Class Assignment: Abernethy Garden

As Sam stood in the doorway, hints of lavender and mint wafted past his nose. Springtime in Scotland was, in his opinion, the best time of year. For the past eight years, every morning, Sam woke up at exactly 5:42 to ensure that he would have time before his day started to do what he loved best: sit in his garden and sip his Earl Grey tea. Not long ago, Sam and his wife, Martha, put the final touches on the garden of their dreams. Within a circle of knobby trees grew a lush tangle of ivy and wisteria, bordered by baby-pink rose bushes and a rainbow of towering lupine. On a damp morning like this, the rich scent of the life-sized bouquet was almost overwhelming, and nothing satisfied Sam more. His most treasured piece in the garden was the stone wall that Martha built just weeks before she died. Her fingerprints were still visible in the mortar; muddy proof that she really had lived and loved him. He wanted nothing more than to spend his time here.

Sam gazed past the willow toward the pond where a lone doe savored her cool, morning drink. “Briiiing-briiiiing!”  The rhapsodic noise wailed from the kitchen, piercing the tranquility like a jagged knife. He startled, spilling his tea. Muttering frustrations, Sam shuffled down the cobblestone walkway, back to his cottage.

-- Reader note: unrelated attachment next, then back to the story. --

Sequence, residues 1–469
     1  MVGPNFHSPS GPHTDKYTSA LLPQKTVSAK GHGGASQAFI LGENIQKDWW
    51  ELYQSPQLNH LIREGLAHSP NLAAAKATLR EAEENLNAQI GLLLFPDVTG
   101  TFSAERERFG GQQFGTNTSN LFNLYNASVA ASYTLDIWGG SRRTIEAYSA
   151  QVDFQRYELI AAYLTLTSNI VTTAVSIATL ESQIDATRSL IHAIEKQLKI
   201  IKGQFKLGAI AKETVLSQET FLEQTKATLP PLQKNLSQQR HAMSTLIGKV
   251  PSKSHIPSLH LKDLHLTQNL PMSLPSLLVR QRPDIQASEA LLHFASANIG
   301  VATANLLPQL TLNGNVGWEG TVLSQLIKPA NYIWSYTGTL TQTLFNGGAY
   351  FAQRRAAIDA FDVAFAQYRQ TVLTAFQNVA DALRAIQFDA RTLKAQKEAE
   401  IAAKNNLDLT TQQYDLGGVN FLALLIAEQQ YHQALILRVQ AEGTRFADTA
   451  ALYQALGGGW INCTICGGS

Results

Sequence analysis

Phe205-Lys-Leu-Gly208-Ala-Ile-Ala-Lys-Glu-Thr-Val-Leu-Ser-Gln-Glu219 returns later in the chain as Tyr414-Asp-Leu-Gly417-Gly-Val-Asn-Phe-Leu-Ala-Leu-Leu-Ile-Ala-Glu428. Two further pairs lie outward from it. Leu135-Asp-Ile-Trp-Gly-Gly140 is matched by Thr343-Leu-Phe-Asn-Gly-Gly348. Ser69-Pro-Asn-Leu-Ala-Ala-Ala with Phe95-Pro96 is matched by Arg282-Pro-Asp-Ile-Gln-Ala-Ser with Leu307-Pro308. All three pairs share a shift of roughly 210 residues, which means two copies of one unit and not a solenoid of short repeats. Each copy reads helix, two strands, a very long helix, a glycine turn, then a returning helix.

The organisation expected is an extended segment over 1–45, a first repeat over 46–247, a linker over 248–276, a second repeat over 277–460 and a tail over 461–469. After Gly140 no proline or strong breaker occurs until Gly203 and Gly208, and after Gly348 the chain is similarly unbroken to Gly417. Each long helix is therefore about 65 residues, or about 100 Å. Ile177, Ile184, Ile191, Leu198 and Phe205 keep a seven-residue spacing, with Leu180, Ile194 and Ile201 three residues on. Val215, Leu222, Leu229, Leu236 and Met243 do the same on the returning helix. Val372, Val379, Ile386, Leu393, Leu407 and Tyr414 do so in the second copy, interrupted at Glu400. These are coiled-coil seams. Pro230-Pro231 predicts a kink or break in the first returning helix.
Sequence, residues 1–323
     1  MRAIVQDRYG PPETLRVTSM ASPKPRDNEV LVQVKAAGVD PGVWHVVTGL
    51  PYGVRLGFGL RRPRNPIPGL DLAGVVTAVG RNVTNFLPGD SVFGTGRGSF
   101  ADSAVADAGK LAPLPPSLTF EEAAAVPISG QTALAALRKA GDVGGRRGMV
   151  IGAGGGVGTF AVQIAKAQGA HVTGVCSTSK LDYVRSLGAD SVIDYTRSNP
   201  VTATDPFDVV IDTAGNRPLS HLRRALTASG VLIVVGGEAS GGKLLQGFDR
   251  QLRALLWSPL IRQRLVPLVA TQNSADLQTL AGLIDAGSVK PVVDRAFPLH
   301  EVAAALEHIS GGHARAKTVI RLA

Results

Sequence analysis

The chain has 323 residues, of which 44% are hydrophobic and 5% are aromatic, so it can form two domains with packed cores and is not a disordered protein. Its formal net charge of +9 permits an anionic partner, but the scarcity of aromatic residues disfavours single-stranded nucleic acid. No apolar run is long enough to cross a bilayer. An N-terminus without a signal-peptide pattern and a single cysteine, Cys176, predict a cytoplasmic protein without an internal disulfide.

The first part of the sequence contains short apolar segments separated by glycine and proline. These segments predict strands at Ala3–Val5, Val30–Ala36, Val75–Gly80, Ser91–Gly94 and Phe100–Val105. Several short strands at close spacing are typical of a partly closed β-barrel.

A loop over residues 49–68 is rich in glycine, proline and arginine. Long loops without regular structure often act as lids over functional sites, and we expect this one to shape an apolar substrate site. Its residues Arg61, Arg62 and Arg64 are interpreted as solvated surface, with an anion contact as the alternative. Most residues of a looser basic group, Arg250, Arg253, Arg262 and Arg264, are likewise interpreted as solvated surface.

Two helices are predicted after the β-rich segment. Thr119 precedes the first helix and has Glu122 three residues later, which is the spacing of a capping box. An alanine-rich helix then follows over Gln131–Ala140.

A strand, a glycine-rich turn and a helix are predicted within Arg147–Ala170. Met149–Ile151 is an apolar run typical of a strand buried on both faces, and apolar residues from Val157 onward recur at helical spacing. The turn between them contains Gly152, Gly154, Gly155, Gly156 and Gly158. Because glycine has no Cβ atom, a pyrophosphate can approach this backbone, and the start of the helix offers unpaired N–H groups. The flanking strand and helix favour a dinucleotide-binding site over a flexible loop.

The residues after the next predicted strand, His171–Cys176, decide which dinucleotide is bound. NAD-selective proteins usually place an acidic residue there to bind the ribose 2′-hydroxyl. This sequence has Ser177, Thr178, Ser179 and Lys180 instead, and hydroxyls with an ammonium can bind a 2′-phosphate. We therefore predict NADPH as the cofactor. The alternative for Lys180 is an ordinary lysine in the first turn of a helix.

“Good morning, yes, is this Sam Abernethy?” said a concerned voice. 


“Yes, good morning. Doctor Nelson here, calling from University Hospital in Salt Lake City, Utah. I am calling to regretfully inform you that I’ve spoken with Dr. Greene from Royal Edinburgh Hospital and he has reported to me your condition. The growth that was found on your lung is filled with a lethal fluid and at its current growth rate, we estimate that it will burst before this time tomorrow.” 

Taking in this barrage of information, Sam felt faint. He grabbed onto the counter while the voice rattled off instructions. 

“I recommend that you pack a bag, catch the next plane to the US and expect not to return home for the next six months, maybe more. The treatment for your condition can only be performed by our specialist here in Salt Lake City.” 

Sam hung up and replayed the options in his head. He knew, without a second thought that he would not be leaving his Scottish home. 

He lurched to his closet and dressed in his finest suit. He packed a blanket out to the garden. There, on a bed of clover next to the urn that held his wife’s ashes, he made a pallet where he lay for the rest of the day and into the night. Sam knew he would rather die next to the one he loved than to live alone in a place where he would never be able to sit in his garden with Martha again.

Strawberry Cake

I am four. My birthday was yesterday and my parents threw me a huge party where all my friends and I ate the world’s biggest strawberry cake. Strawberry cake is my favorite food. It has been since the day I was born when my aunt baked one to celebrate the occasion. The spongy treat was cold because she left it in the fridge overnight. I guess you could think of the cake as older than me by the time all my family ate it.